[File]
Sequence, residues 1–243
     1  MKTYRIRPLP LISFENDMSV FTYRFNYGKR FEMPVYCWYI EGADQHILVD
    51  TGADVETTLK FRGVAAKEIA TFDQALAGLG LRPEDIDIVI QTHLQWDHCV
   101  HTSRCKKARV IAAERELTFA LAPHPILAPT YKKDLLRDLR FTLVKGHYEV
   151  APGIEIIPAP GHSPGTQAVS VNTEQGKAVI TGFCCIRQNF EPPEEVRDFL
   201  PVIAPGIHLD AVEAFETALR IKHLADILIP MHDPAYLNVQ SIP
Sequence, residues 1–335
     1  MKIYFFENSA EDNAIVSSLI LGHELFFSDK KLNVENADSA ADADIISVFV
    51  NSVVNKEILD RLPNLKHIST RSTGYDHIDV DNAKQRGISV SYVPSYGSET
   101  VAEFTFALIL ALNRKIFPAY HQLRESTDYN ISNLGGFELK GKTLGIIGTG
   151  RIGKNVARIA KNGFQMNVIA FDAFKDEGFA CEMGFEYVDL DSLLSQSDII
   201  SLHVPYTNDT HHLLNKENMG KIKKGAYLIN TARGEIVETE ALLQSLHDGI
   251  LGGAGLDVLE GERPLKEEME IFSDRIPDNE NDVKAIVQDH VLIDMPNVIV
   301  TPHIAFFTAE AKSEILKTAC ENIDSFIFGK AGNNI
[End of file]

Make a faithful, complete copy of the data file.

Sequence, residues 1–243
     1  MKTYRIRPLP LISFENDMSV FTYRFNYGKR FEMPVYCWYI EGADQHILVD
    51  TGADVETTLK FRGVAAKEIA TFDQALAGLG LRPEDIDIVI QTHLQWDHCV
   101  HTSRCKKARV IAAERELTFA LAPHPILAPT YKKDLLRDLR FTLVKGHYEV
   151  APGIEIIPAP GHSPGTQAVS VNTEQGKAVI TGFCCIRQNF EPPEEVRDFL
   201  PVIAPGIHLD AVEAFETALR IKHLADILIP MHDPAYLNVQ SIP
Sequence, residues 1–335
     1  MKIYFFENSA EDNAIVSSLI LGHELFFSDK KLNVENADSA ADADIISVFV
    51  NSVVNKEILD RLPNLKHIST RSTGYDHIDV DNAKQRGISV SYVPSYGSET
   101  VAEFTFALIL ALNRKIFPAY HQLRESTDYN ISNLGGFELK GKTLGIIGTG
   151  RIGKNVARIA KNGFQMNVIA FDAFKDEGFA CEMGFEYVDL DSLLSQSDII
   201  SLHVPYTNDT HHLLNKENMG KIKKGAYLIN TARGEIVETE ALLQSLHDGI
   251  LGGAGLDVLE GERPLKEEME IFSDRIPDNE NDVKAIVQDH VLIDMPNVIV
   301  TPHIAFFTAE AKSEILKTAC ENIDSFIFGK AGNNI